WILLIAM F. ODEA, Primary Examiner, ISADOR'WEIL, Examiner.

Patent Citations
Cited PatentFiling datePublication dateApplicantTitle
US737807 *Jul 1, 1901Sep 1, 1903Henry H WestinghouseFeed-water regulator.
US2197118 *Oct 22, 1937Apr 16, 1940William AstleHeat transfer apparatus
US2651259 *May 20, 1949Sep 8, 1953Alanson P BrushApparatus for controlling the operation of domestic water systems
US2717078 *Mar 8, 1954Sep 6, 1955Mcnally Pittsburg Mfg CorpAutomatic density regulator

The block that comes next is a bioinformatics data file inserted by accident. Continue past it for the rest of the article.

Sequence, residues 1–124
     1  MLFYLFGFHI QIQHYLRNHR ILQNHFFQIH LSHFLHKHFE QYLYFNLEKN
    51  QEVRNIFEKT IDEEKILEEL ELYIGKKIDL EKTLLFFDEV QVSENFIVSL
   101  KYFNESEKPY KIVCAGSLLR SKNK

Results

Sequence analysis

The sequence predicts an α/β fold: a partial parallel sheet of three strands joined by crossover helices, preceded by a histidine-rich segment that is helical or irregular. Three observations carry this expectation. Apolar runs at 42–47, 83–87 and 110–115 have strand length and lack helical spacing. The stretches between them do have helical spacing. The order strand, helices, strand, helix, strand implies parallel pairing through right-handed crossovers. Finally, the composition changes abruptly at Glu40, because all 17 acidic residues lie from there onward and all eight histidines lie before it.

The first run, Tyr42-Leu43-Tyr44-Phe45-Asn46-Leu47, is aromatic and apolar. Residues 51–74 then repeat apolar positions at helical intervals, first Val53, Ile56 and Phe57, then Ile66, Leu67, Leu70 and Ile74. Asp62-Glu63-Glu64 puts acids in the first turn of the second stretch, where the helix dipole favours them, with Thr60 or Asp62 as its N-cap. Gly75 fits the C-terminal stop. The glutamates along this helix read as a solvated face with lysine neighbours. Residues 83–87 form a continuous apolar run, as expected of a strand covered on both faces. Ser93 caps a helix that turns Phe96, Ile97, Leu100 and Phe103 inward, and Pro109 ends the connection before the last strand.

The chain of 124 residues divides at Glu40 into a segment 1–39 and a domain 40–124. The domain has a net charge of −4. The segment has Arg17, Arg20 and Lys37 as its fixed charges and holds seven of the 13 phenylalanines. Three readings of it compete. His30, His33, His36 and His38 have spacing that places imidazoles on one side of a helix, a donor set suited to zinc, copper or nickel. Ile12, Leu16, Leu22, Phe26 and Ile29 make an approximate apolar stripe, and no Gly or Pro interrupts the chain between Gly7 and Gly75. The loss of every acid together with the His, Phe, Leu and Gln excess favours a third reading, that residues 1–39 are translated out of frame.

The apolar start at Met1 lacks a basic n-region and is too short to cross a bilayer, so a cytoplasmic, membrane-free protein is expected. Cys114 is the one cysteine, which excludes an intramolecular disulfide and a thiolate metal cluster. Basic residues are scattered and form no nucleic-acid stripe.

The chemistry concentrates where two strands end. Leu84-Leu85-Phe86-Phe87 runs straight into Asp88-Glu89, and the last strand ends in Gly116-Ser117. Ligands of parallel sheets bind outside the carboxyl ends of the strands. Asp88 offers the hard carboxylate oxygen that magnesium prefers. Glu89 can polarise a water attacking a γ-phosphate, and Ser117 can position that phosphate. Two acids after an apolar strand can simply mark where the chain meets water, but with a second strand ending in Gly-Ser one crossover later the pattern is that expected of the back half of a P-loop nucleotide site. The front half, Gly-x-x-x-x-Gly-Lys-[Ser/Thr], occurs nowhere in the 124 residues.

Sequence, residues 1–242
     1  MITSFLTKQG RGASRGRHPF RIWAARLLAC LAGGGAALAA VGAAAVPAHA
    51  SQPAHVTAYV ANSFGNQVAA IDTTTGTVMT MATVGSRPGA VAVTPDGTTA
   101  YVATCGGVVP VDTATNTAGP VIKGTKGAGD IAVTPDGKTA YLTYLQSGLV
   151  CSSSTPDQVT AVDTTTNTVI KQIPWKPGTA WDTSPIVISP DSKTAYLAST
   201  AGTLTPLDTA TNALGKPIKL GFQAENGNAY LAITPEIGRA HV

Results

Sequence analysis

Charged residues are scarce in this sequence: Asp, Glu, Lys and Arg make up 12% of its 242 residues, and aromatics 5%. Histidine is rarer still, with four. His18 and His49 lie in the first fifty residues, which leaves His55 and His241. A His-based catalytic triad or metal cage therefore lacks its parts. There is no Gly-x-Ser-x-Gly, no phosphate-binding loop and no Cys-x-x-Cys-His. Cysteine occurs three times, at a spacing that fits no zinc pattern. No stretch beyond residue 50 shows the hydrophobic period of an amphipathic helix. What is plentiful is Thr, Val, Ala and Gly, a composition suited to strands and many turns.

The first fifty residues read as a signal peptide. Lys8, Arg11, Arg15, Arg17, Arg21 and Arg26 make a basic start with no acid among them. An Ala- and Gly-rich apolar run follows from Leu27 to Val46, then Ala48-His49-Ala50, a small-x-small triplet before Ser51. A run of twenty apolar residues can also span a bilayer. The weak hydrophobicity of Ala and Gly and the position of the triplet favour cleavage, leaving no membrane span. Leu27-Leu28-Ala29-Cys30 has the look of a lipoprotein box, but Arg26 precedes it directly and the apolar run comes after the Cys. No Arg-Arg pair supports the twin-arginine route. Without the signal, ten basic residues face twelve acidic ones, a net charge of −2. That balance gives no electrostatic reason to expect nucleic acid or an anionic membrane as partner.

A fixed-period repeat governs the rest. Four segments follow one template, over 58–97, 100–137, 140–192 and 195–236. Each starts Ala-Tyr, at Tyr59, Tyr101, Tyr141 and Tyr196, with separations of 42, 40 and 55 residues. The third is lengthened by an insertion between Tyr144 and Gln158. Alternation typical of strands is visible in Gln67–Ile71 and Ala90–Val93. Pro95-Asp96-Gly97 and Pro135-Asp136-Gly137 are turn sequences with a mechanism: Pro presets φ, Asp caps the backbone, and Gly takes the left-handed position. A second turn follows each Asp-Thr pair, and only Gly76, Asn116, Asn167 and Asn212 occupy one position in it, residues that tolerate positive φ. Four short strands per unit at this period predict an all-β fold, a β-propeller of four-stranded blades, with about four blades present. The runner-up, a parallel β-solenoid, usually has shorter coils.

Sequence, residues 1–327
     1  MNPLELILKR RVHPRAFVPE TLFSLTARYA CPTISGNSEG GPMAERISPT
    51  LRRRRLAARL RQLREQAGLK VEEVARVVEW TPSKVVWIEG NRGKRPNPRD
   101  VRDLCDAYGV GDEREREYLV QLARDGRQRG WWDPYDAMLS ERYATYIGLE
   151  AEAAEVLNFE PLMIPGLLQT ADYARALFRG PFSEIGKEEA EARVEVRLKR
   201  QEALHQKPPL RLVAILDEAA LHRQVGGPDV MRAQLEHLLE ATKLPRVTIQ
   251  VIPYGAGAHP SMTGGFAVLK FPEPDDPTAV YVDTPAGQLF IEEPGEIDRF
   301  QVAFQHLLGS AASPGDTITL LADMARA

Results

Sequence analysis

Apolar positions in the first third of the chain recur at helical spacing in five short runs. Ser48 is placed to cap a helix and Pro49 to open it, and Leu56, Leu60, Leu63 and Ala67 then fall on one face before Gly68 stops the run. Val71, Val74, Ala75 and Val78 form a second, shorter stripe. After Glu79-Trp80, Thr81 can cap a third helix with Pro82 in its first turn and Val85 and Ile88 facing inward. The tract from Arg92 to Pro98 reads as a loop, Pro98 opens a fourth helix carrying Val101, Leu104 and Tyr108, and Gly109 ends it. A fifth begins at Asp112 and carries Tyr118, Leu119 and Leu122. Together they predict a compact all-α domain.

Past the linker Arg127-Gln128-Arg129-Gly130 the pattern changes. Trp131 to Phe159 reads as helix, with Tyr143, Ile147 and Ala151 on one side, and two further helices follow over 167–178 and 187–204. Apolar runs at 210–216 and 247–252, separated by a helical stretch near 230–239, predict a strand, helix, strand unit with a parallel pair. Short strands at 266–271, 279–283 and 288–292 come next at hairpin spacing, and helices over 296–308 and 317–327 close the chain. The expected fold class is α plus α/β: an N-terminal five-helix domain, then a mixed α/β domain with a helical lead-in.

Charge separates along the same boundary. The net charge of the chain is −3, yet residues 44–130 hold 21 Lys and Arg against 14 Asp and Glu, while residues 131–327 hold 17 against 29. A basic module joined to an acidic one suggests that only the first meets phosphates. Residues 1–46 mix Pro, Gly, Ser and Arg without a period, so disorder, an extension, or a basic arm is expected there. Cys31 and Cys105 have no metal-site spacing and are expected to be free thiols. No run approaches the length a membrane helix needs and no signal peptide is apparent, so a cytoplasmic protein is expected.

US2928037 *Dec 2, 1954Mar 8, 1960Avien IncThermistor liquid level switch
US3101041 *Mar 11, 1960Aug 20, 1963Separator AbApparatus for heat treatment of liquids, such as milk, fruit juices and the like
Referenced by
Citing PatentFiling datePublication dateApplicantTitle
US3817265 *Jun 16, 1972Jun 18, 1974Ambler TAnti-pollution compressor control system
US5309403 *Jul 10, 1991May 3, 1994Complete Automation, Inc.Modular continuous flow paint delivery system
WO1993001002A1 *Jul 9, 1992Jan 21, 1993Douglas H BartowA modular continuous flow paint delivery system
Classifications
U.S. Classification137/118.1, 137/392, 99/453, 99/468, 137/563
International ClassificationG05D9/00, G05D9/12
Cooperative ClassificationG05D9/12
European ClassificationG05D9/12